“…was elected Vice President at Booz Allen Hamilton in 2005 and became a Senior Vice President in 2009. In 2003, < – – > was appointed by President Bush as executive director of the President’s Foreign Intelligence Advisory Board (PFIAB). In May 1998 she was confirmed by the Senate to serve as first deputy director of central intelligence for community management.”

“…was born and raised in Syracuse, New York. He was graduated from Syracuse University in 1965 with a BA in History and was a 3-year Varsity Lacrosse letterman.”

“…retired in October 2009 having served 35 years in the Navy. Her last position was Director, Command, Control, Communications and Computer Systems, The Joint Staff. She is now consulting and serving on the Boards of several corporations. She is also serving on a Blue Ribbon Panel reviewing the FAA’s IP-based Wide Area Network outage experienced on November 19, 2009. “

“…was formerly the Managing Director of Morgan Stanley’s Merchant Bank, Chairman of Morgan Stanley Capital partners and Chairman of Morgan Stanley Venture Partner as well as a Director of Morgan Stanley & Co. Incorporated and a member of the Firm’s Management Committee. “

I am certain some will quibble over “but…four sentences down it says” or some other such thought. The first sentance or two, to me, say what that individual holds important – how they want to be introduced to someone. The rest is important, and the real level of military service from these individuals will be covered in future posts.

In their introduction to the membership – in their “here is who I am” – only 2 mention active duty service. 1 mentions significant contributions to either the Navy as a civilian. 1 mentions significant contributions to the Navy as an Institute author. Do these biographies indicate any semblance of the spirit of the founders of the Institute?

I don’t think so.

Again, from For Those Who Dare:

…the most potent participants in the Naval Institute’s Independent Forum have been Sailors, Marines, Coast Guardsmen, and Merchant Mariners who wrote and continue to write about things that concern them. These have not been professional writers. But they are the ones—the pilots, the ship drivers, the equipment handlers, the ones with first-hand experience—who possessed what long-time Proceedings Editor-in-Chief Fred Rainbow called “the passion to make it happen.”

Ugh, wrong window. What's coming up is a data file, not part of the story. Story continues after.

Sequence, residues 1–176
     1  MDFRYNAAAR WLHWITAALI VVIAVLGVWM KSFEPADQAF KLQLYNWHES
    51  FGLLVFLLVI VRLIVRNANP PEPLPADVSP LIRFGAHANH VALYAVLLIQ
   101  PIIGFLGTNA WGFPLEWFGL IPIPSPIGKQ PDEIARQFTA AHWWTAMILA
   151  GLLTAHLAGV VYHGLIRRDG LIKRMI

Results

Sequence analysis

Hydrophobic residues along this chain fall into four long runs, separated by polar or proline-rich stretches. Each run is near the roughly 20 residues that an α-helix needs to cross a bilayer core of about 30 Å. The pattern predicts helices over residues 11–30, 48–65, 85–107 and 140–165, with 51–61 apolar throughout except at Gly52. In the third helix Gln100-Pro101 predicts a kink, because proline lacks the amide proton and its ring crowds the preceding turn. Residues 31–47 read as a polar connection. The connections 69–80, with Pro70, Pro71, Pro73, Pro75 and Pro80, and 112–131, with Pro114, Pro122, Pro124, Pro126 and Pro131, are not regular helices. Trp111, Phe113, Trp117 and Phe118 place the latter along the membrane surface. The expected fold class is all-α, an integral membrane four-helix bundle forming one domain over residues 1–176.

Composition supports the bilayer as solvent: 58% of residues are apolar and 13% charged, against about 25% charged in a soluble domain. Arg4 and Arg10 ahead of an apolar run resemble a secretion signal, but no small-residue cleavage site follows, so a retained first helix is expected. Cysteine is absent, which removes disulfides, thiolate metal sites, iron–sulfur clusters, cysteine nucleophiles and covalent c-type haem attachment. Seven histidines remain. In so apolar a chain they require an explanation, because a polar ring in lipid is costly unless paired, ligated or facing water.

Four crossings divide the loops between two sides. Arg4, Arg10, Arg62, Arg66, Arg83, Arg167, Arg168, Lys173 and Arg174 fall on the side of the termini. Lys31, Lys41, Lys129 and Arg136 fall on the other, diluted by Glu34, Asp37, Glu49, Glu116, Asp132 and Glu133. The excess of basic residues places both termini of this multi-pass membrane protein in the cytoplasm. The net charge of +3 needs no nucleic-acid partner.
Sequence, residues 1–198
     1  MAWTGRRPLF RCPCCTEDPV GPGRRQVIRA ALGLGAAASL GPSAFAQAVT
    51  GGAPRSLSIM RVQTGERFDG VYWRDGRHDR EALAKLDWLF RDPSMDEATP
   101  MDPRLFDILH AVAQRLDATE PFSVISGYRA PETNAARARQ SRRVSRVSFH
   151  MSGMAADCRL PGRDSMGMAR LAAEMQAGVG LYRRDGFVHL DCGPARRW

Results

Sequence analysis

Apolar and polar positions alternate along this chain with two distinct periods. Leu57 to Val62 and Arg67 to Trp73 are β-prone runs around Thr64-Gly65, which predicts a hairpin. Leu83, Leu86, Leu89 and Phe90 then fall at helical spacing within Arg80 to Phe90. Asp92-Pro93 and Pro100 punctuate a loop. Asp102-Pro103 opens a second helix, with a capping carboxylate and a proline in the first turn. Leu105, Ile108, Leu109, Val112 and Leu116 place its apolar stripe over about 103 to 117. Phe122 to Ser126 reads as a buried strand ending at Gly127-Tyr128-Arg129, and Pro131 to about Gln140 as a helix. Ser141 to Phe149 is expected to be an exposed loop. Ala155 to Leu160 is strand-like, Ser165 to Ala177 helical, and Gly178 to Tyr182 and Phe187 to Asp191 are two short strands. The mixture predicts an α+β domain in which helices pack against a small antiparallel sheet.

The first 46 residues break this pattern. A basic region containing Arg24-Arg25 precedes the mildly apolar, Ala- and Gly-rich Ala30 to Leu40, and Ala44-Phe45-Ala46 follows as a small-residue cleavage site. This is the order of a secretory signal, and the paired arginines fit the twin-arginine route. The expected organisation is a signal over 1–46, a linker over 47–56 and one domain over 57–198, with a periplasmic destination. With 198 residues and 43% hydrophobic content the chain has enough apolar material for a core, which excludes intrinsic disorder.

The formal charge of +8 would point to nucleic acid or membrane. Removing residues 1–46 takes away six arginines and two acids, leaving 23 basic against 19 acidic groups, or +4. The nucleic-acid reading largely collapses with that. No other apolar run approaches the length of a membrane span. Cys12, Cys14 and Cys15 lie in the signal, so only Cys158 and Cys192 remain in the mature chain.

Can anyone point out articles, speeches, statements or provocative thought from these individuals (the esteemed author aside, of course)? Not the official utterances of position, but the thoughts and opinions of the person over the things that concern them about the Navy, the Marine Corps, the Coast Guard, or the Institute itself?

For those who wonder…the Annual Meeting was over a month ago. There was supposed to have been a Board Meeting this week to discuss the Annual Meeting, the questions and comments raised there, and the challenge to the vote held this spring.

At the Annual Meeting the membership was promised a dialogue over the future of the Institute. Has anyone seen the beginnings of a dialogue from the leadership of the Institute? Or a report on the search for a new CEO?

While the Annual Meeting is behind us, this issue is not dead and the challenge to the Institute’s spirit and soul is not over.

Zimmerman knew.

Posted by M. Ittleschmerz in Naval Institute

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  • Captain Blood

    I truly think Chester W. Nimitz would be disappointed in all this. USNI, above all else, is supposed to be *naval* in character–i.e., constituted of, by, and for naval officers.

    It is true he hated public controversy over things naval–but on the other hand he had a very strong opinion on the Navy as a culture–and on the Naval officer corps as the keepers of that culture. If the Naval Institute cannot serve that purpose first and foremost, then it is time for it to depart the scene, and for new institutions to be constituted, laying their foundations on such principles and organizing their powers in such form, as shall seem most likely to effect this purpose of advancing the knowledge of sea power within and without the service.